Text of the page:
Index: How do current Chinese-American relations affect your work as a human rights lawyer today?
   
   Teng: Before 2014, I was in Taicheng publishing my articles and books, and I was also traveling internationally. Because of my human rights activities, I was put under house arrest, kidnapped by the secret police, and tortured. During this time, I wasn’t able to continue my human rights work. Even in the United States, I still feel pressure and interference from the Chinese government. A publishing unit refused to publish my book after I had signed the agreement because they were afraid of the Chinese government. They told me that my book would endanger their programs in China. My graduate talk was also canceled by an ivy league university in the United States.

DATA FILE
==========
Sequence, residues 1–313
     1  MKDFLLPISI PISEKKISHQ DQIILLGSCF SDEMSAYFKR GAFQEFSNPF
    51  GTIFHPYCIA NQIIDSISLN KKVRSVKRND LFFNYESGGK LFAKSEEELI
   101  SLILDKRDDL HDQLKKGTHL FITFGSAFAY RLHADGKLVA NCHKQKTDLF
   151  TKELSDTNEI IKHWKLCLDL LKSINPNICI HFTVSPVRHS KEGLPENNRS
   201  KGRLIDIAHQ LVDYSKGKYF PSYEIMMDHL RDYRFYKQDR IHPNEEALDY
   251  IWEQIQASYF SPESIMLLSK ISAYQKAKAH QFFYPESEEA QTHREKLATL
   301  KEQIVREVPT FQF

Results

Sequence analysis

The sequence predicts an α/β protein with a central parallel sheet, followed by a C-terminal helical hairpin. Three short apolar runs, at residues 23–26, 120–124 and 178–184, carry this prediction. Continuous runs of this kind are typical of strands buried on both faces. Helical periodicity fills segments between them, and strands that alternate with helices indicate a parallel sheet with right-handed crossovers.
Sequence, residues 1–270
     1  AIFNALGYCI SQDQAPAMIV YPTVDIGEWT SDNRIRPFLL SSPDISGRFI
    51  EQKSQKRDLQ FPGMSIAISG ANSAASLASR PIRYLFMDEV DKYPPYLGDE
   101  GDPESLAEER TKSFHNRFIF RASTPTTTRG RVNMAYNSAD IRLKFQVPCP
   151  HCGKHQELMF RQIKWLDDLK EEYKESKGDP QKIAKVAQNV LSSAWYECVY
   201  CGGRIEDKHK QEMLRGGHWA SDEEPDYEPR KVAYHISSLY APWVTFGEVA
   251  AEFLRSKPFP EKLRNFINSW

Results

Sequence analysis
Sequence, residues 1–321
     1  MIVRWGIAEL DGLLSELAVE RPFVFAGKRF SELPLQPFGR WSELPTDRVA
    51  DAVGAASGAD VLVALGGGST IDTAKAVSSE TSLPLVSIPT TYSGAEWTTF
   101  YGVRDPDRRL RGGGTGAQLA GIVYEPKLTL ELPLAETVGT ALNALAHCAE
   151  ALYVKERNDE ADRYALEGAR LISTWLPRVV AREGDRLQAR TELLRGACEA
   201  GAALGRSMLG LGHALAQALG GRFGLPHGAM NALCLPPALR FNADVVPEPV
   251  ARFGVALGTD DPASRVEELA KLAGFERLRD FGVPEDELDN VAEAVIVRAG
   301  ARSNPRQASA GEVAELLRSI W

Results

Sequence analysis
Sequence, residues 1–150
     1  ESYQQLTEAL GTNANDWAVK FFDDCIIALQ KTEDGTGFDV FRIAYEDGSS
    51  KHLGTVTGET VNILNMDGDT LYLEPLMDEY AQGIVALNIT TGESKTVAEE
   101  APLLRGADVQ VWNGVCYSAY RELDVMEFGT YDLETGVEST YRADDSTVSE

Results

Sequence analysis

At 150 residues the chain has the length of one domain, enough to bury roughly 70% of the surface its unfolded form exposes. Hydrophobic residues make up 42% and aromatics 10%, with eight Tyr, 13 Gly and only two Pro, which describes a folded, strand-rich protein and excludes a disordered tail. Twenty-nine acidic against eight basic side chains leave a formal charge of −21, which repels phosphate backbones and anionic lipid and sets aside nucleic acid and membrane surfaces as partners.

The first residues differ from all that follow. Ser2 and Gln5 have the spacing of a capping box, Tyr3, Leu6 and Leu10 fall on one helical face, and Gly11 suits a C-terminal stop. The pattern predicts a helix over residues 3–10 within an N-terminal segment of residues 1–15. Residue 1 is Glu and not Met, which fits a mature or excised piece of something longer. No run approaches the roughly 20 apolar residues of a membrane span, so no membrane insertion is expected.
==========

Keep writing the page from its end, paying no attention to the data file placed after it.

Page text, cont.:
[下一页]
blog comments powered by Disqus

©Boxun News Network All Rights Reserved.
所有栏目和文章由作者或专栏管理员整理制作,均不代表博讯立场